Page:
What’s more challenging, the artistic quality or the gameplay direction in a game like Assassin’s Creed?
All aspects of game development have their challenges. Artists and rendering programmers are constantly pushing the limits of the hardware and the engine to make the game as beautiful as possible. Gameplay vision needs to be concise, exciting, fun and doable by the team. Writers need to make you fall in love with the characters and the world. We challenge ourselves on every aspect of the game to make sure we are giving players our best effort and an experience that is worth their time and money. We collectively work to create experiences that people have never felt before.
What kind of research was done behind the creation of Assassin’s Creed IV‘s world?
Tons of effort. We create worlds that are credible and authentic. We brought in historians into the team. They helped understand what actually happened during that time and better understanding historical figures like Blackbeard and Charles Vane. How boarding worked, the weapons and tactics, naval combat – all of this was impacted by our historians.
We also sent our art director, level design director, and audio director to the Caribbean to collect images and audio. A lot of what you hear in Black Flag is directly from the Caribbean.
The narrative of the story is based on a book called the Republic of Pirates, which is an authentic perspective of what happened during this time period. Again with Black Flag we went after creating an authentic and gritty pirate experience.
“We challenge ourselves on every aspect of the game to make sure we are giving players our best effort and an experience that is worth their time and money.”
Ashraf Ismail talks about artistic quality vs. gameplay direction
The game has a lot of historical videos and behind-the-scenes additional content to it. Why the need for such education?
We pride ourselves on making historical fiction. It is an amazing thing to have fans and players get interested in the history we touch upon. To have people go and research the events of the Golden Age of piracy or to find out who really was the man behind Blackbeard because they fell in love with the game is truly a gratifying thing. So we put love into it.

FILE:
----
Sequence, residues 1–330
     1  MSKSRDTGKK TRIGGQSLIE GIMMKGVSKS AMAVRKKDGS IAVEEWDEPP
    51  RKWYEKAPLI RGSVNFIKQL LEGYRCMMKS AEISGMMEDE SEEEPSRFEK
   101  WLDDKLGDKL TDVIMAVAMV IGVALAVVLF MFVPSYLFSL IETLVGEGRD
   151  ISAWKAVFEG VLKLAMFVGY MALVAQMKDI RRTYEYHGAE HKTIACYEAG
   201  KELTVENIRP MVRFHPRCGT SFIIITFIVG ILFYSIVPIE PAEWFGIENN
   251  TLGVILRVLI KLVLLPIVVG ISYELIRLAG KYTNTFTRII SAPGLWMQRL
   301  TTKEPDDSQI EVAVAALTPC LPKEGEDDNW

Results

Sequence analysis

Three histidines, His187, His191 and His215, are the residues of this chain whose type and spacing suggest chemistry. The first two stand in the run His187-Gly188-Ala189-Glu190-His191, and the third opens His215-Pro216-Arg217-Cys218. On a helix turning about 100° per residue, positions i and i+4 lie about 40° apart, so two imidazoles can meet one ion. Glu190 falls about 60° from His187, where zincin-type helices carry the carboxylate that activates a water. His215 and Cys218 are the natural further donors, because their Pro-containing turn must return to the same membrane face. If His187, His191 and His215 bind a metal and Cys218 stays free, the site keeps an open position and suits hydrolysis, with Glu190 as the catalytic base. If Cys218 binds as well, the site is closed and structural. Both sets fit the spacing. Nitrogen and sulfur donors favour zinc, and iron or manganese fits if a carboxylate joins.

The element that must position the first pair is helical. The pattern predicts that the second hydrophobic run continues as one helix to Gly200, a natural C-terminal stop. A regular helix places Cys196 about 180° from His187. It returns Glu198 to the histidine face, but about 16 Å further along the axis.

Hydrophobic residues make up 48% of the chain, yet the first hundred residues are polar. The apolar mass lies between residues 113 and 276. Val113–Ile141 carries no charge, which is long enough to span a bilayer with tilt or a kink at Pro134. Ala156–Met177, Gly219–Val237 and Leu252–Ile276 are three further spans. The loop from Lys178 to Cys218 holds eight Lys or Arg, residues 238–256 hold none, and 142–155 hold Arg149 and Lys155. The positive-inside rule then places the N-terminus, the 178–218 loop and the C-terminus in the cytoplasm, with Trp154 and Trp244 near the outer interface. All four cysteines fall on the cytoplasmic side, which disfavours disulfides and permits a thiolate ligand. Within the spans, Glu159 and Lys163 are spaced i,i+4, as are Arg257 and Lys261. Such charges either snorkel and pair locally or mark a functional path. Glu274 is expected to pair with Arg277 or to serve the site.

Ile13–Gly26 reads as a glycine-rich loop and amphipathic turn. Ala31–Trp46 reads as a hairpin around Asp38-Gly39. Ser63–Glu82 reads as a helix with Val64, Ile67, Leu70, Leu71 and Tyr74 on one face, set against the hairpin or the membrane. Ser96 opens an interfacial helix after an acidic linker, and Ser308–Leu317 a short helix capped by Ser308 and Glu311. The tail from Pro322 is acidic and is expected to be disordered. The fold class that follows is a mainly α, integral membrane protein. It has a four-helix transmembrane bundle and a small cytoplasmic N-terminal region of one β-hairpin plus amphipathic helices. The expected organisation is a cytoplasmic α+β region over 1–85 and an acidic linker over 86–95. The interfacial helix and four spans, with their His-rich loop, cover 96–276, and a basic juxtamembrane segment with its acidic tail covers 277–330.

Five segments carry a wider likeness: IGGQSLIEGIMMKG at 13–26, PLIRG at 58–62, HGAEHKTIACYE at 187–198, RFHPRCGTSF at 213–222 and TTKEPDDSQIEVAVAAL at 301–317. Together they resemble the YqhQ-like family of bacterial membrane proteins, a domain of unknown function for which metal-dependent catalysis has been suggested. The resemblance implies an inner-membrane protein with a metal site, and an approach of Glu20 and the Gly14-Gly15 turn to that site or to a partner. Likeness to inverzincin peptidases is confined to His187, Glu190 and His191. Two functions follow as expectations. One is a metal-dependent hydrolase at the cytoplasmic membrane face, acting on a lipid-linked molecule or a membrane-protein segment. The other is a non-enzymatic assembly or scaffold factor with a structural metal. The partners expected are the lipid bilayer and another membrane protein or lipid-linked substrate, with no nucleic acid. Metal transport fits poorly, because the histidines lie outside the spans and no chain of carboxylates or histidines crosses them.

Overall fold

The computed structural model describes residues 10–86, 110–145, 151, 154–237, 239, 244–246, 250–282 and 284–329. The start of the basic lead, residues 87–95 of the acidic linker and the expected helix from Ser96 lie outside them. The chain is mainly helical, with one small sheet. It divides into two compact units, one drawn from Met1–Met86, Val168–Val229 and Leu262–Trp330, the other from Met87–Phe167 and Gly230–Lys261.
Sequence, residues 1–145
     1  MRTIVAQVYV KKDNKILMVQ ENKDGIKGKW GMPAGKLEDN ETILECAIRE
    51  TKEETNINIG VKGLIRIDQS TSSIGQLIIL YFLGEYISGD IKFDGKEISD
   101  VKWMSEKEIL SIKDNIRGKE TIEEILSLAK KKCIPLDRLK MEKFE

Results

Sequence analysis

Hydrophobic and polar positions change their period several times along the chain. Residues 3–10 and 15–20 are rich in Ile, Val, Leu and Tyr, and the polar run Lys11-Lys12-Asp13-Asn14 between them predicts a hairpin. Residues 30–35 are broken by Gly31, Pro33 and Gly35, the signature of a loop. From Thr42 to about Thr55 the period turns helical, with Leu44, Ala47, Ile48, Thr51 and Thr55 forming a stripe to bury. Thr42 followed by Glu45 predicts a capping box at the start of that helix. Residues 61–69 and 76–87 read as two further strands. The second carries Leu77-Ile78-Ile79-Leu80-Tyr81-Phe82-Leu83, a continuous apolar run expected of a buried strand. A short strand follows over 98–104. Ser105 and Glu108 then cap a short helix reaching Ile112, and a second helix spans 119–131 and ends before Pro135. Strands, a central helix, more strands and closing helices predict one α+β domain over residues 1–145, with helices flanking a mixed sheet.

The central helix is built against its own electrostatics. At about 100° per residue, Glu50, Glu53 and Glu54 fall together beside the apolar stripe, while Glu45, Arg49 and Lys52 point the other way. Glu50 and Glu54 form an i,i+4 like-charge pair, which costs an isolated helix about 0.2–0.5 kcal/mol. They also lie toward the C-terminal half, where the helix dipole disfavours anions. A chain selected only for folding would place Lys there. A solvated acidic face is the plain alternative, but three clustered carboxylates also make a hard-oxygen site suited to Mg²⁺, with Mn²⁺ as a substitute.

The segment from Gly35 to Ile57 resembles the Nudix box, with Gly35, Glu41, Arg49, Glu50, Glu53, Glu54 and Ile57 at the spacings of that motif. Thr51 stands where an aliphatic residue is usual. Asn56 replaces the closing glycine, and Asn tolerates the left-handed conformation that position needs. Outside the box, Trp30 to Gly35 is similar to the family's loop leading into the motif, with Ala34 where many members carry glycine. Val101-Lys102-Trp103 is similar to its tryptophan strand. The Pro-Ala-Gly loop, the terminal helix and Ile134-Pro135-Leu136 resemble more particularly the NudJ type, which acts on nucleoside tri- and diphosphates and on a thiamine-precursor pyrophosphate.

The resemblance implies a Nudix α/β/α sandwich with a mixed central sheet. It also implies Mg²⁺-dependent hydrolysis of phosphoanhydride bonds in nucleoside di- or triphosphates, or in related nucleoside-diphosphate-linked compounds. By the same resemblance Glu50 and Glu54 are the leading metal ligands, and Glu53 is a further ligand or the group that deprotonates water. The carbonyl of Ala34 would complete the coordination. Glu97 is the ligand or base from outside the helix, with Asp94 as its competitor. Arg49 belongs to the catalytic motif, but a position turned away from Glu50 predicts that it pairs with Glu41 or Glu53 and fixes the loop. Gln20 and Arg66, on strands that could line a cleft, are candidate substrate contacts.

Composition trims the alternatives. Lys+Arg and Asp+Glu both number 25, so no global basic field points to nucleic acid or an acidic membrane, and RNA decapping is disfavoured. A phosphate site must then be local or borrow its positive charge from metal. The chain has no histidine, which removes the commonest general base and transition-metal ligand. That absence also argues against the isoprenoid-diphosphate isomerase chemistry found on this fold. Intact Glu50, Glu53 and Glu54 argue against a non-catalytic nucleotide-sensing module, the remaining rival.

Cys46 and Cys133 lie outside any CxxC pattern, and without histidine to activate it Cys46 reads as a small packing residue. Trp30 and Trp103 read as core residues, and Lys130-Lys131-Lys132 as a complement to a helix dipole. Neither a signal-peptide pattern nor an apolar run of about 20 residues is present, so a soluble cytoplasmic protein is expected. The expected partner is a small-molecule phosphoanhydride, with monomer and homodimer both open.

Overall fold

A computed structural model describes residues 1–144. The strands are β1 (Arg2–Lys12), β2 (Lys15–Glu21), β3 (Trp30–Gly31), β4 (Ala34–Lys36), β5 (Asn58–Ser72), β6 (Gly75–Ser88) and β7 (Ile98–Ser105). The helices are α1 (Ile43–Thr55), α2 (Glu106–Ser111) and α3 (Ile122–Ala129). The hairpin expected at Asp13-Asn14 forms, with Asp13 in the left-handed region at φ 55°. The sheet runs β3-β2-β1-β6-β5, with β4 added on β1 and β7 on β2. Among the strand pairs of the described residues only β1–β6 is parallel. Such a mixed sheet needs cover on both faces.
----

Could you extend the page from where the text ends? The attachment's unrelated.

What was the most fun section of the game to create for you?
There are many elements that I loved. Pushing the boarding system and making sure it was something seamless and fun was exciting. Edward’s four pistols and how he uses them was also a blast. But my favorite thing has to be the world structure we created. Having a kind of a hub like the ocean with these really fun and diverse locations, a lot of effort went into how we put this world together. Our objective was to create a world never experienced by players – something that was fresh and unique. I truly believe we achieved that and I can’t wait for people to play in this Caribbean sandbox and get lost in it.
What’s groundbreaking about the Assassin’s Creed IV world that you can’t find in other current games?
The level of immersion and credibility is unlike anything you have seen. Imagine you are in a naval fight, then you board a ship and take it over, then you dive in the water and swim onto a beach, which leads to a jungle and a temple. All of this seamlessly and without ever breaking the flow for players. Dynamic weather and full day/night cycles for added diversity and credibility of the world. These are experiences that I hope will surprise and thrill players. Players will constantly be excited for seeing the “next” location and what it has to offer for them.
“The level of immersion and credibility is unlike anything you have seen. All of this seamlessly and without ever breaking the flow for players.”
Ashraf Ismail talks about what’s groundbreaking about the Assassin’s Creed IV world